Following a deadly shooting of six Muslim worshippers at a Quebec City mosque in late January, Ontario Council of Agencies Serving Immigrants (OCASI), a registered Canadian charity which acts as an umbrella organization for immigrant and refugee-serving agencies in Ontario, issued a statement calling on the federal government to speak out against Islamophobia and racism.
OCASI urged Canadian leaders to speak out against hate and to swiftly ensure that Muslims are safe everywhere in Canada. It also called on the government to demonstrate its commitment to refugees by increasing Canada’s refugee resettlement targets which the government set at 40,000 in 2017 (down from 55,800 in 2016).
It also wants the federal government to resettle, on an emergency basis, all refugees who were previously approved for resettlement in the United States but have been denied entry following President Trump’s temporary immigration ban.
OCASI believes that Canada should immediately withdraw from the Safe Third Country Agreement with the United States, under which refugees arriving from the United States are prohibited from requesting asylum in Canada. According to OCASI, the United States “has never been safe for all refugees, and with the recent developments it is less safe”.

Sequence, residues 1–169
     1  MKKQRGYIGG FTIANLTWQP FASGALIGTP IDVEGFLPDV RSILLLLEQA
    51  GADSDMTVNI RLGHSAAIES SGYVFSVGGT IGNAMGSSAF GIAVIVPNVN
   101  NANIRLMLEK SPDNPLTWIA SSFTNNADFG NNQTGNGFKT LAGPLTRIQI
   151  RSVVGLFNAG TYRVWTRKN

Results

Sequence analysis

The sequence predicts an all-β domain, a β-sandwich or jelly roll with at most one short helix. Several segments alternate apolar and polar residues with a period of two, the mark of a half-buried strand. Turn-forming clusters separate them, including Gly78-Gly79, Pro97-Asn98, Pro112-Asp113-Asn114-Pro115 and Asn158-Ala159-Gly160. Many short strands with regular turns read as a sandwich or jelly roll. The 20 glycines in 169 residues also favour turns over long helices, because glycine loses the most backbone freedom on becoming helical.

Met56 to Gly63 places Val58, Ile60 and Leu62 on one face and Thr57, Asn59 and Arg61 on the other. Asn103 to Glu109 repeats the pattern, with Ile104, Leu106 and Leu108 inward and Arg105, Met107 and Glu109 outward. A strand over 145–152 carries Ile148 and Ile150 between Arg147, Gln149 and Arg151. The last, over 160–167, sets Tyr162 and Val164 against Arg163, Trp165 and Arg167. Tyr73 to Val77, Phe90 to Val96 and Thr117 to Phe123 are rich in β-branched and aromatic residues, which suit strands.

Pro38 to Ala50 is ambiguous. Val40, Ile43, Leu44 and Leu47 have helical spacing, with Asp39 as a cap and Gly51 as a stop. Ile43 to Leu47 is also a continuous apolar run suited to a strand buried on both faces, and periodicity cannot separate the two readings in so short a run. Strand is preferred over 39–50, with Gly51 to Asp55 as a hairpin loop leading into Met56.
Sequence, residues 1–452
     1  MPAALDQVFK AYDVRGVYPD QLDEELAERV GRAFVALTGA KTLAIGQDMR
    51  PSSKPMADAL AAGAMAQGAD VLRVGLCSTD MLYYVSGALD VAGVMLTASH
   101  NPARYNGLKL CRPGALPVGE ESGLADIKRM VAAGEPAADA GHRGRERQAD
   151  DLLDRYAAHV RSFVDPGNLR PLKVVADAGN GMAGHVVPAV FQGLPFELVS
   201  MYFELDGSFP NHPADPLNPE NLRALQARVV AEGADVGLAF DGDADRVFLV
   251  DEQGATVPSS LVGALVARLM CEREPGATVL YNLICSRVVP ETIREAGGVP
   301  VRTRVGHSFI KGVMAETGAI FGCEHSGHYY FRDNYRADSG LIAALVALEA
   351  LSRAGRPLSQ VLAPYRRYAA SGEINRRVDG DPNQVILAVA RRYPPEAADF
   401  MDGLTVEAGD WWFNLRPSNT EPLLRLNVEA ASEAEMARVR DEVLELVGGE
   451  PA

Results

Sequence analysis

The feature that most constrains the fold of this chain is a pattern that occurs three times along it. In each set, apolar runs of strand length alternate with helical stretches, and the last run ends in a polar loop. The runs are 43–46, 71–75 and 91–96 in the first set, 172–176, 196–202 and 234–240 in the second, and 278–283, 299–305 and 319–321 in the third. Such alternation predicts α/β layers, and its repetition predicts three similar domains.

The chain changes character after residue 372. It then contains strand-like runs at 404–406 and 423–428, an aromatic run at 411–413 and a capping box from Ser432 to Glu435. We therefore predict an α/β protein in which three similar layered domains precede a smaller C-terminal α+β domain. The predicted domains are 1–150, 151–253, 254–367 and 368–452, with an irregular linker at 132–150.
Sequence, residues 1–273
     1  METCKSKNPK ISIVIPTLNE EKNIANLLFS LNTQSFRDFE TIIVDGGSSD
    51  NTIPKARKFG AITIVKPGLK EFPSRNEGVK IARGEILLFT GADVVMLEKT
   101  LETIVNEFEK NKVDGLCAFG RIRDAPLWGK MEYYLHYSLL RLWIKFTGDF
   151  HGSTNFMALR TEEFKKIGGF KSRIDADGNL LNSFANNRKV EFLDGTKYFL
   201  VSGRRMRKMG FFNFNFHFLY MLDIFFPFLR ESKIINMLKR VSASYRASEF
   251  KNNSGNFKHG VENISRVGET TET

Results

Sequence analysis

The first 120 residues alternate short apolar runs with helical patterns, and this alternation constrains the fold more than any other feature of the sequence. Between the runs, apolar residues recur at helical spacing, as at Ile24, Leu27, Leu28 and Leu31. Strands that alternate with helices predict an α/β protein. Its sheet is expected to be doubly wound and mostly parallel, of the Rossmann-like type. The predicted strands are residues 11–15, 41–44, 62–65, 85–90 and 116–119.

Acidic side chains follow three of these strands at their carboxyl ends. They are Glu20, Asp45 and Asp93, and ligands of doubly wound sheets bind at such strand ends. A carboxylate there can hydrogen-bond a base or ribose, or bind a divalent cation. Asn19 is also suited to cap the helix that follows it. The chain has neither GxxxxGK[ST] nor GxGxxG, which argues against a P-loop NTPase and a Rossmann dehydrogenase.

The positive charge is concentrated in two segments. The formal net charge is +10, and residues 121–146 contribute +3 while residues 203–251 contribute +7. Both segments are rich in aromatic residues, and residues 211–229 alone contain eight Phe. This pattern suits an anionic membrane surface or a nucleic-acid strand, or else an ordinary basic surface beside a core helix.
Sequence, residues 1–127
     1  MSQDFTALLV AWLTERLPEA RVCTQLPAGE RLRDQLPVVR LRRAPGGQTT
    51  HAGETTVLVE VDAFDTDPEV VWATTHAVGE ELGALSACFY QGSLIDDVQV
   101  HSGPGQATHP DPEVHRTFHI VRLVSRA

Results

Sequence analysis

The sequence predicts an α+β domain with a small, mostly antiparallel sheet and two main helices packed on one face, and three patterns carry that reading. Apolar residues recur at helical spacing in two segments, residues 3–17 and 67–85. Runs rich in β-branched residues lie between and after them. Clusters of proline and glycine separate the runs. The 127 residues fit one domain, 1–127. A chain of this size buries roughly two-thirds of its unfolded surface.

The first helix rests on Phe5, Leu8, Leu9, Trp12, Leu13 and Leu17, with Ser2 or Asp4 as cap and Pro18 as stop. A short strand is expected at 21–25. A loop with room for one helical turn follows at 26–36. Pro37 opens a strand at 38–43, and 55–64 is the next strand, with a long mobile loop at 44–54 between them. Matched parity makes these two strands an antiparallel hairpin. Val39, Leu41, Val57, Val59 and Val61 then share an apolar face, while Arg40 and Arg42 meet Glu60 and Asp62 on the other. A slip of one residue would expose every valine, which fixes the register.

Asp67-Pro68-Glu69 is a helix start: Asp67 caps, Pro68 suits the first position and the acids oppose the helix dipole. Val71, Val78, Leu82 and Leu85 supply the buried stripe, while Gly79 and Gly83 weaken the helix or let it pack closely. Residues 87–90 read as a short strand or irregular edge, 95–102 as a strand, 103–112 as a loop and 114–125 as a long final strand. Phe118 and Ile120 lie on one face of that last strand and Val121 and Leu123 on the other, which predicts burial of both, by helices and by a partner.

Canada is asked to abolish the Designated Country of Origin list, implemented by the previous Conservative government in order to reduce the number of fraudulent refugee applications by asylum seekers from countries which do not usually produce refugees, such as Australia and members of the European Union.
Finally, OCASI wants the government to undertake “widespread public education to counter racism, hate, Islamophobia and xenophobia” and to grant all illegal immigrants, including those whose asylum applications were rejected, legal status in Canada.
In the summer of 2016, OCASI, in partnership with the National Council of Canadian Muslims, launched a public education campaign – funded by the Province of Ontario and the City of Toronto – designed to address xenophobia, Islamophobia, anti-Immigrant sentiments, and specifically “to dispel racist claims and hateful rumours against Syrian refugees”. A similar public education campaign, launched in November 2016, highlighted the “persistence of anti-Black racism” and drew attention to discrimination against Blacks in employment and housing situations.
Ilana Shneider is the co-editor of CIJnews and the founding executive director of Canada-Israel Friendship Association, a non-profit organization dedicated to promoting the mutually beneficial, long-standing diplomatic, economic and cultural ties between Canada and Israel. She can be reached at [email protected]